Illustration by Ben Summerell-Youde/Fox SyndicationCar and Driver
- The upcoming Z06 will be the first performance variant of the new mid-engined C8 Corvette.
- It will use a naturally aspirated 5.5-liter V-8 engine with a flat-plane-crankshaft design.
- Expect it to arrive sometime in 2021 with a starting price of around $85,000.
This story originally appeared in the May 2020 issue of Car and Driver as part of our 25 Cars Worth Waiting For package. Our sneak preview of the most exciting cars coming in the next few years draws on knowledge from leaked product-development plans, spy photos, and loose-lipped insiders mixed in with information that has already been officially released. The reporting for this story was completed in February and early March, before the auto industry began feeling major effects of the coronavirus pandemic. As many automakers are now delaying or pausing development programs, the debut and on-sale dates reported here may change.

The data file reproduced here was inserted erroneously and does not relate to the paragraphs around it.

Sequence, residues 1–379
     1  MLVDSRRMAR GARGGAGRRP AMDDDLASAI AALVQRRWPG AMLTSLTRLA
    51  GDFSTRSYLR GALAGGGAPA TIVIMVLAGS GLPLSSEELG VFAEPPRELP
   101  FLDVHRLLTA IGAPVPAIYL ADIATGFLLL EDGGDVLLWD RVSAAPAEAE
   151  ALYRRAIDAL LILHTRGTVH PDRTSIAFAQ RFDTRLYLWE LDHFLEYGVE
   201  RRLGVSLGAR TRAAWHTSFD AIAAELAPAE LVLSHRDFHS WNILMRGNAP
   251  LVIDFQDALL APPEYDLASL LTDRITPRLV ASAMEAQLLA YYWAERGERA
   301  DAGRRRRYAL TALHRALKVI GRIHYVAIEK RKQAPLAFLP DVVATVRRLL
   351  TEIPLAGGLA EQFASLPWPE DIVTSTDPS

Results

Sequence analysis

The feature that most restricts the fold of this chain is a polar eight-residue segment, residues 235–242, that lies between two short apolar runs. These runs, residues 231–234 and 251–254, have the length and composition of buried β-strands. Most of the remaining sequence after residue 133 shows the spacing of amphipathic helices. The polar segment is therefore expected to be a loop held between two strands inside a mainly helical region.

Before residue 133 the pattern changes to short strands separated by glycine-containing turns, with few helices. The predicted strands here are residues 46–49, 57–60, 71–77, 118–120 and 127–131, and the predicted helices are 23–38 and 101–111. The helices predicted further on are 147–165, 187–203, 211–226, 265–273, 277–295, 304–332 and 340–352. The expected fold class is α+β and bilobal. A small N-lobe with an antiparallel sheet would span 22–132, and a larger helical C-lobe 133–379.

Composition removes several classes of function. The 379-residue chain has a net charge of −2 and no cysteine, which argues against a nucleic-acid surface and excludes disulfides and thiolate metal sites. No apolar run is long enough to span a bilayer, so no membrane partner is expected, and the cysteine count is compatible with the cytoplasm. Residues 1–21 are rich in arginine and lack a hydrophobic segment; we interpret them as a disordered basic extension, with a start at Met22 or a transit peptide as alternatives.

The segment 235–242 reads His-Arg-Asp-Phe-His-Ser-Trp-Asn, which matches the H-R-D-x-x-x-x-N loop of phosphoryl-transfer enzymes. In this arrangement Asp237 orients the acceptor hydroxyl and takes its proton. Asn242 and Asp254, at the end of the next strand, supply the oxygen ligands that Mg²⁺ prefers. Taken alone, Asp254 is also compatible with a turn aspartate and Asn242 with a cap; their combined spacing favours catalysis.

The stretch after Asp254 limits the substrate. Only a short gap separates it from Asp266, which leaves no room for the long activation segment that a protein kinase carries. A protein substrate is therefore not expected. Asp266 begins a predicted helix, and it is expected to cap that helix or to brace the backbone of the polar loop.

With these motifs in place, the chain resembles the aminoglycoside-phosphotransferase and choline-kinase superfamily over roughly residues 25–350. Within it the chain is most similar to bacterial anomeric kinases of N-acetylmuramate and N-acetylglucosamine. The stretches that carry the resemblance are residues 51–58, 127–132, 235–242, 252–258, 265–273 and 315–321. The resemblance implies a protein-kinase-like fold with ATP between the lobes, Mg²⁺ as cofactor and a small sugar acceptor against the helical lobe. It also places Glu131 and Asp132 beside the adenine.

The upcoming Chevy Corvette Z06 will be the first of several upcoming ultra-high-performance variants of the C8 Corvette. We expect it to go on sale in early 2021 as a 2022 model, starting at about $85,000. It’s a return to the stripped-down-for-action, high-revving, track-worthy Vette embodied by the 505-hp 7.0-liter V-8-powered C6 Z06 of 2006 through 2013.
This time, the Z06 will use a naturally aspirated DOHC 32-valve 5.5-liter V-8. Plus, it has a flat-plane crank, just like a Ferrari V-8. It should rev to between 8500 and 9000 rpm, spit out 600-plus horsepower, and shriek like something from Ferrari. It feeds an eight-speed dual-clutch automatic transaxle driving the rear wheels. This is no mere speculation; a detuned version of this engine is already powering the C8.R race car.
The Z06’s new V-8 packs a power curve shaped like a bodybuilder’s bicep. The switch to a mid-engine configuration maximizes traction, allowing Chevy to better utilize its mega-horsepower engines for battling everything on the exotic-car spectrum. A muscled-up version of the base C8’s architecture will be in play, with wider rubber, stronger brakes, a recalibrated suspension tune, and upgraded powertrain cooling. Flared fenders cover the mechanical bits, and new-for-the-Vette active aerodynamics pin it to the track.
There’s a chance small-block loyalists won’t want a Corvette that sounds like a Ferrari. But if you’ve ever heard the bellicose shout of a 488 Pista, you know that’s a low risk.